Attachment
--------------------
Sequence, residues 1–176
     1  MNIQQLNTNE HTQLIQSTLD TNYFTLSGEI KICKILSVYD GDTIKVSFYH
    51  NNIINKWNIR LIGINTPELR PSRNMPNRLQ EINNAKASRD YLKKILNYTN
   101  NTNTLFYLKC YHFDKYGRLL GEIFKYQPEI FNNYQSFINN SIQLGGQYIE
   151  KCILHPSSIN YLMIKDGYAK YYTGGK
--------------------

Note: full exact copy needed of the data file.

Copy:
Sequence, residues 1–176
     1  MNIQQLNTNE HTQLIQSTLD TNYFTLSGEI KICKILSVYD GDTIKVSFYH
    51  NNIINKWNIR LIGINTPELR PSRNMPNRLQ EINNAKASRD YLKKILNYTN
   101  NTNTLFYLKC YHFDKYGRLL GEIFKYQPEI FNNYQSFINN SIQLGGQYIE
   151  KCILHPSSIN YLMIKDGYAK YYTGGK